A federal jury Thursday convicted a North Carolina man on charges related to a plot to provide material support to terrorists and wage violent jihad overseas. Anes Subasic was charged along with seven other men in a 2009 federal indictment.
"We must be ever vigilant in our prosecution of those who seek to visit terror on our way of life," U.S. Attorney Thomas Walker said in a Department of Justice press release announcing the verdict. "This prosecution demonstrates that commitment."
Subasic formed part of a North Carolina-based terrorist cell led by Daniel Patrick Boyd. Boyd pleaded guilty in February 2011 to conspiring to murder, kidnap and maim people in a foreign country and to a charge of material support to terrorists. According to the superseding indictment, between 1989 and1992, Boyd traveled to Pakistan and Afghanistan where he received military-style training in terrorist training camps. He also fought Soviet troops alongside the mujahideen in Afghanistan.
A 2008 conversation recorded between Boyd and Subasic showed the men holding "a coded conversation in which they discussed preparing to send two individuals overseas to engage in violent jihad." In another recording Boyd expressed his concerns to Subasic that the FBI might become interested in their plans.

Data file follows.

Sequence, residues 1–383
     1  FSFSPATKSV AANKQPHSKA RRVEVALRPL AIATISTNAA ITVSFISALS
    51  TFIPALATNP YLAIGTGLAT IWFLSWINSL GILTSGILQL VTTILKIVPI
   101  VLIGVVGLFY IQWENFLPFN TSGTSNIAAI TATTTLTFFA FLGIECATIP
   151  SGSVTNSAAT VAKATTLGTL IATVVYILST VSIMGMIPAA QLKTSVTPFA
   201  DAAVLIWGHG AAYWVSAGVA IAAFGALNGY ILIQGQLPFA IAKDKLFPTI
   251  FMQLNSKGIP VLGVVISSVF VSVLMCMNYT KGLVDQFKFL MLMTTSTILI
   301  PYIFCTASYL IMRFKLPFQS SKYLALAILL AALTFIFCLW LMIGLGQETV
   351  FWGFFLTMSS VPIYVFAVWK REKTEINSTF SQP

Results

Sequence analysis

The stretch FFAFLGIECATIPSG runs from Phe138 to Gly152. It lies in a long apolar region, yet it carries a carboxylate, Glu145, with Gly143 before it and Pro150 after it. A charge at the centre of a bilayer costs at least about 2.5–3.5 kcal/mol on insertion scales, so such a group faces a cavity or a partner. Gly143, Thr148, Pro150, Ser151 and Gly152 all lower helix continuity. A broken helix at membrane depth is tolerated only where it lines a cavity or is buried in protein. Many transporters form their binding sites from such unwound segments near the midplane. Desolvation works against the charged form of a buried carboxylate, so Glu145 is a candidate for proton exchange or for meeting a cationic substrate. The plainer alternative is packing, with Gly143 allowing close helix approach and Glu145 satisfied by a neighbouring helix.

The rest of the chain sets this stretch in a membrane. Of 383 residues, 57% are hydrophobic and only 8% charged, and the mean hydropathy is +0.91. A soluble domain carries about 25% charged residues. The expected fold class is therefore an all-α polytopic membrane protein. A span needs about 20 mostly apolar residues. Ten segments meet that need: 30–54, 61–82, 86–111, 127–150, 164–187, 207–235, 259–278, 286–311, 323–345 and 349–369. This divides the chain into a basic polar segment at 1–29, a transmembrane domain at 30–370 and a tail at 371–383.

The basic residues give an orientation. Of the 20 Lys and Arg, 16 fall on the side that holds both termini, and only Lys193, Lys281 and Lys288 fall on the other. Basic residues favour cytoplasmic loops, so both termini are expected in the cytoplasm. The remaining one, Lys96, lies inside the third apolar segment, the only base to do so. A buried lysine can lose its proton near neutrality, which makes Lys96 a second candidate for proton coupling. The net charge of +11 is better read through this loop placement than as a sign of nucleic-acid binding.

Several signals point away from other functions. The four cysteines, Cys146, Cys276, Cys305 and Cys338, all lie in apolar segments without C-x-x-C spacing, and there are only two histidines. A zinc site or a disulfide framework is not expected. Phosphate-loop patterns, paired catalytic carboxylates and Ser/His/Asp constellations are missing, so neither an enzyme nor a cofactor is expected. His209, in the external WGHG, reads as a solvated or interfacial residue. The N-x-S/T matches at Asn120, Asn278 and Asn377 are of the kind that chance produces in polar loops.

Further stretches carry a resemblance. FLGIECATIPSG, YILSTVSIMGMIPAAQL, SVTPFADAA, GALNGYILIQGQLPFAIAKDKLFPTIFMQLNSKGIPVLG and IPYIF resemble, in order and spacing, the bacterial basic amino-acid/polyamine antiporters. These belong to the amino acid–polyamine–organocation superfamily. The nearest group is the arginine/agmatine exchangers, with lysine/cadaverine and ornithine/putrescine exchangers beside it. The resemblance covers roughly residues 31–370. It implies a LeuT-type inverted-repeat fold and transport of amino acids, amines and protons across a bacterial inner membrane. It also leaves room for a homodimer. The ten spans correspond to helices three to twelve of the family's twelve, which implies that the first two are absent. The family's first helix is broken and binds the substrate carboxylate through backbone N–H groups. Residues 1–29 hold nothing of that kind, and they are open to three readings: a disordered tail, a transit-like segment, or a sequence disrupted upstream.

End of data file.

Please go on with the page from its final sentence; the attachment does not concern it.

According to the indictment, Boyd and his son Zakariya, along with co-defendants Ziyad Yaghi and Mohammad Omar Aly Hassan, traveled to Israel in June 2007. The men wanted to die "as martyrs in furtherance of violent jihad." They returned to the United States a month later after they couldn't reach their destination. The men then turned to plotting attacks inside the U.S. leading Boyd to travel Virginia to scout the Marine Corps base at Quantico for a possible attack, court records show.
Boyd's two sons Zakariya and Dylan Boyd have pleaded guilty to conspiring to provide material support to terrorists. The other co-defendants, Hysen Sherifi, Aly Hassan and Yaghi, were found guilty on similar conspiracy charges. Two other defendants indicted in the case have not been tried. Jude Kenan Mohammad is on the FBI's Ten Most Wanted list and believed to be at large in Pakistan. Bajram Asllani was arrested in Kosovo in June 2010 but the European Union has rejected an extradition request.
Subasic faces up to life in prison for conspiring to wage violent jihad overseas.